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The Shipping News

Director:
Lasse Hallström
Starring: Kevin Spacey, Julianne Moore
Length: 111 minutes
Rated: R
Studio: Buena Vista Home Video


In this sensitive adaptation of E. Annie Proulx’s novel, director Hallstrom once again shows us the power of community and belonging (see, My Life as a Dog, Cider House Rules). Quoyle, played by Kevin Spacey, is a lonely, unworldly, fearful, and sweet man with a history of being treated poorly, starting with his unloving father. He so wants to be loved, to be a part of something. He falls hard for a woman, Petal, who works him over and treats him like dirt, but who gives him a daughter, Bunny, whom he loves and cares for. His father, even to his dying day, treats him like a nobody, and after his parents commit suicide, his father’s sister, Agnes, shows up and witnesses the hardships Quoyle is experiencing. Petal is killed in an auto accident around the same time, and Bunny, who was with Petal at the time, was sold for $6000 to a child auctioneer.

Once Bunny is returned to Quoyle, Agnes decides it is time for all of them to move to Newfoundland, the home of their ancestors. Agnes is a strong woman who believes you can’t walk around your fears. Quoyle, rudderless, goes along with the idea.

In Newfoundland, they head straight to the old family homestead, which overlooks the raging sea, open to fierce winds and weather. Though it is neglected and dilapidated, they camp there and eventually start to fix it up. In the meantime, Quoyle, whose only work skill is as a typesetter, lands a job at the “Gammy Bird,” the local newspaper, as a journalist whose responsibilities include writing up at least one crash per week, and the news of ship traffic into the local harbor. The newspaper is owned by a waterman who takes a mentor-like role with Quoyle…the beginning of Quoyle’s transformation.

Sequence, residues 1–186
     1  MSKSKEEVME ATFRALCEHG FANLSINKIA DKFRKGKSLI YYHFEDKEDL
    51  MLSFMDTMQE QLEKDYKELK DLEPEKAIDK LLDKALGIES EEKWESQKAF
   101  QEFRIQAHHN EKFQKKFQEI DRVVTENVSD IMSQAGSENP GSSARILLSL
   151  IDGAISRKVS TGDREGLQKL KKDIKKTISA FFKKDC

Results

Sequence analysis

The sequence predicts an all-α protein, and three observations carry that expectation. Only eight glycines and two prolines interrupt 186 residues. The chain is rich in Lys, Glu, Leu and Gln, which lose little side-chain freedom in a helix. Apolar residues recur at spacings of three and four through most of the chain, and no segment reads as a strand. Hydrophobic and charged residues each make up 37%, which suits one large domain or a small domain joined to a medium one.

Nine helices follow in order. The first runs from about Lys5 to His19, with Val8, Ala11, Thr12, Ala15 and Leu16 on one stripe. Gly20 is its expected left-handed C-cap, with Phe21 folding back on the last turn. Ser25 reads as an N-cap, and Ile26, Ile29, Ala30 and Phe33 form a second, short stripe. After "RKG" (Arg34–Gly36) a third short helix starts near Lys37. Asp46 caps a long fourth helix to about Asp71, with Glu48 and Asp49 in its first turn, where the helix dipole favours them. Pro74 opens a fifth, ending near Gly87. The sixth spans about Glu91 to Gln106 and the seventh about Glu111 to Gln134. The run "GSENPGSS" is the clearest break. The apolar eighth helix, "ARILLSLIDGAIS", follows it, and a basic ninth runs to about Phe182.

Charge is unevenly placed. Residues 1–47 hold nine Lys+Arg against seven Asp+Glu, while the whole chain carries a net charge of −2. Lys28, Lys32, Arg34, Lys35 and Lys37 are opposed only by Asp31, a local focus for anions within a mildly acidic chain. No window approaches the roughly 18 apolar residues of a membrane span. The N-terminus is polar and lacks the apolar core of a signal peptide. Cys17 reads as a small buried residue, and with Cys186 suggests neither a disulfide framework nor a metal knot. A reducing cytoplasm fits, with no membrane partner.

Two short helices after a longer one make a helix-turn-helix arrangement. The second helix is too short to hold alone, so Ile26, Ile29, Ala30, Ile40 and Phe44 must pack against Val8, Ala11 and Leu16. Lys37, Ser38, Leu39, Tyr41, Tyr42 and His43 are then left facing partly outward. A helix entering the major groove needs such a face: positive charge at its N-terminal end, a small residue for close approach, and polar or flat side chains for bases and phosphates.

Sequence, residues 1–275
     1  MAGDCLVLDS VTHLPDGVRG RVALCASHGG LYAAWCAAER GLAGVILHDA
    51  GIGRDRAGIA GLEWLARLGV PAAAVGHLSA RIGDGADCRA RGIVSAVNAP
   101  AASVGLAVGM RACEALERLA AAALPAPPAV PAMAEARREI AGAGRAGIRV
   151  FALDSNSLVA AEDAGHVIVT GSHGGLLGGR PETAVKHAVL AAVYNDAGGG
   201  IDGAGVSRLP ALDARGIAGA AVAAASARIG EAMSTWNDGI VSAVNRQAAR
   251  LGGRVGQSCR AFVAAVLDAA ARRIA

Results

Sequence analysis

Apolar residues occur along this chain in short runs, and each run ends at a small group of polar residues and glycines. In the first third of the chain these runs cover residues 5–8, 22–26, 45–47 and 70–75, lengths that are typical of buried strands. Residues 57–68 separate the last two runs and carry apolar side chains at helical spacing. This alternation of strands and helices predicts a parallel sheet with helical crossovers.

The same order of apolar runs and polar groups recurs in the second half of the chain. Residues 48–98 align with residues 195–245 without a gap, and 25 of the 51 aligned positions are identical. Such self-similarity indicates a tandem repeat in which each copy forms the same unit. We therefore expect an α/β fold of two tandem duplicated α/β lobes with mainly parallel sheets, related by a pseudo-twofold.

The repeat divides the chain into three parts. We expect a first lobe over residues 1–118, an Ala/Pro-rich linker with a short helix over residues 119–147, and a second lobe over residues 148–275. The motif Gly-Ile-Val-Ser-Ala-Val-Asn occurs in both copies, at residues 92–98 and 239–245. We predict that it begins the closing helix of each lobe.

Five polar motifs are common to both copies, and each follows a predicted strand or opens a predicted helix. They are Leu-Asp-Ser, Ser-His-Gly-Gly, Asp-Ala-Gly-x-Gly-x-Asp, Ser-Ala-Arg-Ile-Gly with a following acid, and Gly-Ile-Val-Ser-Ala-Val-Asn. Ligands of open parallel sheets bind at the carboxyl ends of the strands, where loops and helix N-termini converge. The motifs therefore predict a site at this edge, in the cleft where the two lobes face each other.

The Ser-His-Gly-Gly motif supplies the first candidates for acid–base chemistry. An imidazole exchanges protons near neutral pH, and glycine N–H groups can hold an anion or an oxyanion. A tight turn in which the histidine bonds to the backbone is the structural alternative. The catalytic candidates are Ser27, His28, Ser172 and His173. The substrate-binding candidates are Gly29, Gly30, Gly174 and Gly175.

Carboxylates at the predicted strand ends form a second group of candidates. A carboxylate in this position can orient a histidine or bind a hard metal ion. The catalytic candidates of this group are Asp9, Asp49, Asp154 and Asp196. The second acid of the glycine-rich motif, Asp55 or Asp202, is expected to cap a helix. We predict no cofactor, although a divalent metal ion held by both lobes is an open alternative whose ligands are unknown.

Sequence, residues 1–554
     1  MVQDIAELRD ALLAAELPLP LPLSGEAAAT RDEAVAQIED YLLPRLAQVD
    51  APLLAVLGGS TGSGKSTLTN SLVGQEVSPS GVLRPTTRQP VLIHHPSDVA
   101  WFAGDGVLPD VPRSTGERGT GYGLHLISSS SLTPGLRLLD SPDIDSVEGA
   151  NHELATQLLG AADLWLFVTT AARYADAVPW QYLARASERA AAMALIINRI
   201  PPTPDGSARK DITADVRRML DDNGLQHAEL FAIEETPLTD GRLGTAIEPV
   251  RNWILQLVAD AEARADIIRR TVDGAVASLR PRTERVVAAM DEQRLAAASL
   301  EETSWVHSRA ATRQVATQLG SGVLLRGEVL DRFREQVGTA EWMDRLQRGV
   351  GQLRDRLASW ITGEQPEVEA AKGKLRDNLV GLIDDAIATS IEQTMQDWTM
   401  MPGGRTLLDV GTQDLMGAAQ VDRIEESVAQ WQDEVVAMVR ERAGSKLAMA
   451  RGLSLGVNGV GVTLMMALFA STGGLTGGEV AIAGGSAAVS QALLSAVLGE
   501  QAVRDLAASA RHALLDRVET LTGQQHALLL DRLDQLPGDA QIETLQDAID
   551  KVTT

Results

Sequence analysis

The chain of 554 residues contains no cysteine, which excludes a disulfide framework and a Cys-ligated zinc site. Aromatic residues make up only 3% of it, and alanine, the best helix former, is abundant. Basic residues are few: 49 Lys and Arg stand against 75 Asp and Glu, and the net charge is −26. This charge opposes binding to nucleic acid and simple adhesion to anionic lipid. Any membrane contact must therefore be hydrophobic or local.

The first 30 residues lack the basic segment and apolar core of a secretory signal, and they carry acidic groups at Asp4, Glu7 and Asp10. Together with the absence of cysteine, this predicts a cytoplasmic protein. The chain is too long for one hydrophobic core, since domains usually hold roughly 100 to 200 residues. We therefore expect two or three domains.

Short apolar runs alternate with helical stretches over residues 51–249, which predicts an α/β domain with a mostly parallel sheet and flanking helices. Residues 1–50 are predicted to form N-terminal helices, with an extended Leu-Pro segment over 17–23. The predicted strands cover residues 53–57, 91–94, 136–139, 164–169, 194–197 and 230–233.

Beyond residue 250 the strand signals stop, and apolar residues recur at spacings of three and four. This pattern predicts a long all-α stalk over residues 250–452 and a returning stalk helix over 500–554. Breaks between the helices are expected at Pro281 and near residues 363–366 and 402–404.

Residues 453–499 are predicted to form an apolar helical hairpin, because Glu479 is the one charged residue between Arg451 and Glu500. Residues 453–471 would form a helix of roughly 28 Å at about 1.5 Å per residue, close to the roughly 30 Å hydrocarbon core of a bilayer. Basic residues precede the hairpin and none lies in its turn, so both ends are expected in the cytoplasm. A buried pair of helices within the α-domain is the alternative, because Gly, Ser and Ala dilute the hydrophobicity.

Quoyle’s self esteem builds, but not without working through bad dreams, missteps, and fears. Yet he stays open and present, and discovers new places within himself. He learns about his family history, and the ghosts of the past. The pieces start coming together. He writes some good articles for the GAMMY BIRD. He meets a lovely woman, Wavey Pruett, who has secrets of her own. His daughter begins to make a friend with Harry, Pruett’s special son. The water, the wind, the people, the newspaper work, and the place where his kin started their lives all conspire to help Quoyle get more comfortable with himself, see possibility for the first time in his life, and to feel love and friendship as well.

While the film may sound difficult and morose, I assure you it is not. It is uplifting, beautifully acted and photographed, and it leaves you feeling the importance of love, community, and a sense of belonging..
 

Reflections

  1. The Newfoundland community is somewhat private, yet authentic and quietly welcoming. How would you describe your community? Is it nurturing, compassionate, supportive, empowering – or the opposite?
     
  2. What is your role within that community?
     
  3. Quoyle had many fears – fear of the water, fear of change, making a decision, asking for help, looking stupid, sharing his voice. What has helped you face your fears? When you have faced your fears, what has happened?
     
  4. Have you ever experienced the power of support and unconditional love? What about that do you remember? To what extent did it bring out the best in you?
     
  5. Newfoundland is presented as a place where rugged is a way of life. The sense of place in this film is powerful. When have you noticed the power of place in your life? What place does ‘place’ have in your life?
     

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